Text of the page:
Review by Frank Plowright
The Complete Saga is a frustratingly flawed collection. Having all three of Doug Wildey’s superbly drawn Westerns between hard covers is exceptionally welcome. As a bonus, Wildey produced a fourth story without publishing it, and a fifth was unfinished when he died, but with the pages thorough enough that a complete story is told. It’s unlikely there’ll be another Rio collection, and Wildey was a master craftsman whose work stands the test of time, so what’s the problem? Without being promoted as such, although in a far smaller format, it’s a project similar to IDW’s art books, with nearly all the content shot directly from the pages as Doug Wildey drew them.
For connoisseurs and anyone wanting to study technique, it’s a godsend at a bargain price. For anyone whose interest isn’t as technical, and who just wants to read the stories, the presentation isn’t as attractive. Wildey was an industry veteran who knew colours brighten during the transition from finished art to printed page, and prepared the art as muted so that it wouldn’t be too vivid when printed. The results as originally seen in Rio, Rio Rides Again, and Rio at Bay surely came close to matching Wildey’s expectations. In The Complete Saga the colour is dull. The exception is the opening story, differing from the rest as Wildey coloured copies of the letratoned and grey wash art, and that’s reprinted here in black and white. For the remainder he painted the colours directly onto the inked pages, a sure sign of a very confident artist.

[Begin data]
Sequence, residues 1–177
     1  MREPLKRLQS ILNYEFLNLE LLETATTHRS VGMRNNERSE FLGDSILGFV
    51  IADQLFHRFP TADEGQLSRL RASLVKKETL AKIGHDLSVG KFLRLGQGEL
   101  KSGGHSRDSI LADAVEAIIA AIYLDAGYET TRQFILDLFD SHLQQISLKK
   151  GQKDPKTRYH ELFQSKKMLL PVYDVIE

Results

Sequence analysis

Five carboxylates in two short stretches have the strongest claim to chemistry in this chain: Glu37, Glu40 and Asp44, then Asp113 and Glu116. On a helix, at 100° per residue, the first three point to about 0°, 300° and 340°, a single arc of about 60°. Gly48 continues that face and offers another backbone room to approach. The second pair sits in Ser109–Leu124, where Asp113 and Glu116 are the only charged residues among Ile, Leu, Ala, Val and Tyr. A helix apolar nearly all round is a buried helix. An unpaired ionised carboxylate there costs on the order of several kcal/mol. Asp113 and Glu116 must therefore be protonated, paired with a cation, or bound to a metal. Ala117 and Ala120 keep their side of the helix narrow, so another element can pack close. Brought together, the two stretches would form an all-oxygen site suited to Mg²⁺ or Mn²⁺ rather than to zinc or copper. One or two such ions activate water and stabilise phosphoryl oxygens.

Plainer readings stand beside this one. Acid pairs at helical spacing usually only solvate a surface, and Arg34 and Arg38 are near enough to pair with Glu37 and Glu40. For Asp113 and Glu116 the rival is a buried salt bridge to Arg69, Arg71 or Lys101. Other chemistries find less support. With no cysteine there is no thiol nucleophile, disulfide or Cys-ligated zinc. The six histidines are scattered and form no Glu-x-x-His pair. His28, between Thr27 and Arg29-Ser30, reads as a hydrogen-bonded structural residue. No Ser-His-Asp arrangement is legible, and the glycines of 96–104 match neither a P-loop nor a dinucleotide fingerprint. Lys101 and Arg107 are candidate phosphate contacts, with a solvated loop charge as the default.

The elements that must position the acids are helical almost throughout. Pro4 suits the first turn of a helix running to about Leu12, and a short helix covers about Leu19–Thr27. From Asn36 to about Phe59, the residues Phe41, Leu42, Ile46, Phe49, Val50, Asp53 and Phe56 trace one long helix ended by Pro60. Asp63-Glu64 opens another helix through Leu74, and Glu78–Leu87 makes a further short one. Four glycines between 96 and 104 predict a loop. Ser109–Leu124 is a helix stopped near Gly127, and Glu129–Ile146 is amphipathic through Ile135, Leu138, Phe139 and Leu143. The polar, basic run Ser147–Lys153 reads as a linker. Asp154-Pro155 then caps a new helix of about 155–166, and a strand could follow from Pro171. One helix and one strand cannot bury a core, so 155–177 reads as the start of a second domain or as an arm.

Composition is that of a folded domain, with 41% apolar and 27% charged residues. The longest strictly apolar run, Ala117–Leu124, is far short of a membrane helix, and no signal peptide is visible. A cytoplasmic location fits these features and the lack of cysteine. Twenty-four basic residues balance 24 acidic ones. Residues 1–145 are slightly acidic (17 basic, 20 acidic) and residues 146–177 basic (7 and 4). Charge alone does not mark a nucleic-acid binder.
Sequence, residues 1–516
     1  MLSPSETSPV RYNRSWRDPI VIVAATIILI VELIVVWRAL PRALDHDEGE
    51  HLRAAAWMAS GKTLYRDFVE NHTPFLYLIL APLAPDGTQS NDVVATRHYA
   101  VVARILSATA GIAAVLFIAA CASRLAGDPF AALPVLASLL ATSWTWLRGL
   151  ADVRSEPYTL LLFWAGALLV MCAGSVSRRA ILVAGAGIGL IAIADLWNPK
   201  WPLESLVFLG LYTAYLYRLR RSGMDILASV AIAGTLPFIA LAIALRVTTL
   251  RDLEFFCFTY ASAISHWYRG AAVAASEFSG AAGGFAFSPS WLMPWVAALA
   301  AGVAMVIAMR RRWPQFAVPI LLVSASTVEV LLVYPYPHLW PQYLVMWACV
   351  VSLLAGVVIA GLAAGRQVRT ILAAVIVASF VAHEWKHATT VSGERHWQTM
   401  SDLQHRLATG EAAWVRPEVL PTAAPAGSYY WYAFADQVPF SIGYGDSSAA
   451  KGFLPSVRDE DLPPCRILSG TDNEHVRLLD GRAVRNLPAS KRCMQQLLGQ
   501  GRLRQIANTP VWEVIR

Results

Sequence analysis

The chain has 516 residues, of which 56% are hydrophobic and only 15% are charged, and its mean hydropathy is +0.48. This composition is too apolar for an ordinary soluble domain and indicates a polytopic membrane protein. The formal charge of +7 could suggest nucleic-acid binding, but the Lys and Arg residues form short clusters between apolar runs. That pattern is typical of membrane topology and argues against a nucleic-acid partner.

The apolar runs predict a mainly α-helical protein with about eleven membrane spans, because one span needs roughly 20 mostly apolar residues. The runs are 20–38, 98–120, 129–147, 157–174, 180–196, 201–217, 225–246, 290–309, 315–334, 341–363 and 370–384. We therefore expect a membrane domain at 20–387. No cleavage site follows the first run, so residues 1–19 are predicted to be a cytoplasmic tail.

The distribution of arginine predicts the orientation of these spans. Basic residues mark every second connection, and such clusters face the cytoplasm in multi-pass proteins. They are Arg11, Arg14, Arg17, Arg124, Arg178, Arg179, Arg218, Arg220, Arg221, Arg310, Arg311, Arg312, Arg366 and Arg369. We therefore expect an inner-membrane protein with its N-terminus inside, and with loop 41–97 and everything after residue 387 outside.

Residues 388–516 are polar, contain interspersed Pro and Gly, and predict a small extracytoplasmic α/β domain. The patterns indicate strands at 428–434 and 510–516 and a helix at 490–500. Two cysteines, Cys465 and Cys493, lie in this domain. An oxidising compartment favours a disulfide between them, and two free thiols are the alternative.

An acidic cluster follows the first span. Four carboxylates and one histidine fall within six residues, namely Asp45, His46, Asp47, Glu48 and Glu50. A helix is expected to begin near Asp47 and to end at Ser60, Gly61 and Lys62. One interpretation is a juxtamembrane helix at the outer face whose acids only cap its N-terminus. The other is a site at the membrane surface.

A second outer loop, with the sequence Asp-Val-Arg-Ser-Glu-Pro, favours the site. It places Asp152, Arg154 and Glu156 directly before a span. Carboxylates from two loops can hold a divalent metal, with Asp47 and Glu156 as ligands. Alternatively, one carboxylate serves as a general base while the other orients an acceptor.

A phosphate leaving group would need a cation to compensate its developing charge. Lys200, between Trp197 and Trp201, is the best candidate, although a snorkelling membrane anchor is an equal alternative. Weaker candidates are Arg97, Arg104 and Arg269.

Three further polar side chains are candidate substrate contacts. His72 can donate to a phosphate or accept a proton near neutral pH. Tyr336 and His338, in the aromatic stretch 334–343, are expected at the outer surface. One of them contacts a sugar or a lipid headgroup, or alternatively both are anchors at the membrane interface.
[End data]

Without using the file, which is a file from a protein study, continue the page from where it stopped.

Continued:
Moving onto the stories, fuller reviews of those previously published can be found by following the links, but the short version is that the first two are accomplished Westerns with great art featuring a former outlaw earning his pardon. Rio at Bay also has great art, but the two halves of the story are patched together awkwardly. The first of the newer pieces has Rio accompanying Doc Holliday back to Tombstone. It’s set after the O.K. Corral incident, but enough Clantons remain looking for an opportunity to settle scores with Wyatt and Virgil Earp. It’s a simple story overall, of Rio discovering that even among friends he’s in danger, but keeps twisting away from the expected trail. Wildey’s broadly following the historical path, inserting Rio around known names, but without impacting on their milestones.
Wildey is a great Western artist. He captures the scenery, the people, the situations and the transportation. Most comic artists hate drawing horses, but Wildey revels in them, showing them from all angles and always with life and movement. He keeps his characters looking distinct, with some great creations here, and while Rio remains largely unknowable. People call him friend and trust him, but readers never really know what he’s thinking until he acts. In his introduction Mark Evanier notes that Wildey’s preferred method of working was to pencil, ink, letter and colour each panel before moving to the next. He was either visually aware enough to lay out the full page in his head, or roughed it out separately. The incomplete nature of the final story shows he also adapted his production methods. It’s another gem, with Rio stumbling into the middle of a dangerous situation involving a gang of callous border raiders. It lives up to Wildey’s tentative title of ‘Reprisal’, with glorious scenery toward the end and inventive revenge.
The chances of a full Rio collection seeing the production process through is hardly likely, so the choice is this or the earlier printings and missing out on two good additional stories. The content is stunning, but the production questionable.